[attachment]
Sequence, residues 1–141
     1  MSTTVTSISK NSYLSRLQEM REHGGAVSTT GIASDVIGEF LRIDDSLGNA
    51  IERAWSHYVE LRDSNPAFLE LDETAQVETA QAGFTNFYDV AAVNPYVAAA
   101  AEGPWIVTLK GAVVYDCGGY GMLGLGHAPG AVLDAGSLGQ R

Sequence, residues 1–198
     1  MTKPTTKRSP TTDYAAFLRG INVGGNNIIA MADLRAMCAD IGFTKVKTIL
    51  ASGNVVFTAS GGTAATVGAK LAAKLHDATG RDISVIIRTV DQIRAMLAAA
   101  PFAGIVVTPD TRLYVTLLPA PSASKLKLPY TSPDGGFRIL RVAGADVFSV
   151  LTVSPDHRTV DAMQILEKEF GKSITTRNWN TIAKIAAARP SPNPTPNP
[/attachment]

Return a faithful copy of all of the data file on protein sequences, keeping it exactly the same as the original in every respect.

Sequence, residues 1–141
     1  MSTTVTSISK NSYLSRLQEM REHGGAVSTT GIASDVIGEF LRIDDSLGNA
    51  IERAWSHYVE LRDSNPAFLE LDETAQVETA QAGFTNFYDV AAVNPYVAAA
   101  AEGPWIVTLK GAVVYDCGGY GMLGLGHAPG AVLDAGSLGQ R

Sequence, residues 1–198
     1  MTKPTTKRSP TTDYAAFLRG INVGGNNIIA MADLRAMCAD IGFTKVKTIL
    51  ASGNVVFTAS GGTAATVGAK LAAKLHDATG RDISVIIRTV DQIRAMLAAA
   101  PFAGIVVTPD TRLYVTLLPA PSASKLKLPY TSPDGGFRIL RVAGADVFSV
   151  LTVSPDHRTV DAMQILEKEF GKSITTRNWN TIAKIAAARP SPNPTPNP